In stark contrast to the protest of faculty, students and organizers, the university administrations of both NYU and SFSU sided with Zoom.

In his response to a letter from the organizers of NYU’s censored October 23 meeting, NYU President Andrew Hamilton defends Zoom’s actions, writing, “While their interpretation might be open to argument, it is not a surprise that businesses will steer away from actions that they believe may leave them open to criminally liability.” He concludes the letter by writing, “I would also note that terrorist violence conflicts with academic freedom.” Hamilton made it quite clear that the university is not taking any steps to prevent future acts of censorship.

In fact, NYU itself has in the past sought to prevent student clubs, including the IYSSE, from holding meetings on campus by denying them official status. The university maintains close ties to Facebook and the US state apparatus. It is also playing a significant role in the surveillance of political activity on social media.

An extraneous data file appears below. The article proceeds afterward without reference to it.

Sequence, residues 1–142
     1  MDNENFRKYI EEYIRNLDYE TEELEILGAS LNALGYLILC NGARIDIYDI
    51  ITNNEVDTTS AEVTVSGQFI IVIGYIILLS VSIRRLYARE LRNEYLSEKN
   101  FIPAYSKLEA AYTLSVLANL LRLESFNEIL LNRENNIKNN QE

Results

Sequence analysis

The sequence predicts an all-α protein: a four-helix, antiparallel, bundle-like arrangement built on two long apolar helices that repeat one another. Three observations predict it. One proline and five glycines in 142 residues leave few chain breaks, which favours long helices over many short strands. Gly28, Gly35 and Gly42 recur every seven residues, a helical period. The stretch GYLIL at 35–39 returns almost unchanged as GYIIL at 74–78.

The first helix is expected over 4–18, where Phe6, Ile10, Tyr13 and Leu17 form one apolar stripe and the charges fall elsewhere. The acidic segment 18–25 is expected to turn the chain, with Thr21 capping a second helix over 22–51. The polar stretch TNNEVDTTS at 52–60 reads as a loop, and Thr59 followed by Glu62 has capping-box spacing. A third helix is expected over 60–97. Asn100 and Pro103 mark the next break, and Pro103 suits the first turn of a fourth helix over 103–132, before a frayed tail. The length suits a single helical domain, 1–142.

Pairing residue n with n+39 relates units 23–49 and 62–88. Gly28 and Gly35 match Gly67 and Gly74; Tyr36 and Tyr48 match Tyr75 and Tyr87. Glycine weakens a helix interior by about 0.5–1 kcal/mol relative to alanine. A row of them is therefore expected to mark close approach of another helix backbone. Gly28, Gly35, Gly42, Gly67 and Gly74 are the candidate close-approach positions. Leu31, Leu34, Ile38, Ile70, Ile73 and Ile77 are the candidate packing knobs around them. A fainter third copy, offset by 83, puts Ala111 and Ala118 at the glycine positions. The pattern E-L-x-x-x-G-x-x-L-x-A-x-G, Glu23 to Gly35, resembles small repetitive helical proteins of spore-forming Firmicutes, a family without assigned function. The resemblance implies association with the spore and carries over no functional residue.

Most recently, NYU settled the “anti-Semitism” lawsuit filed by a former student at the beginning of the year. This lawsuit was part of the state-led effort to equate criticism of the crimes of the Israeli government and capitalism with violent attacks against Jews. The aim of this campaign is to slander and criminalize left-wing criticism of capitalism and imperialism. Even though the investigation by the U.S. Department of Education cleared NYU of any wrongdoing, the university has agreed to adopt the reactionary definition of anti-Semitism promoted by the International Holocaust Remembrance Alliance. This definition was incorporated into Title VI of the Civil Rights Act of 1964 by an executive order issued by the Trump administration in December 2019.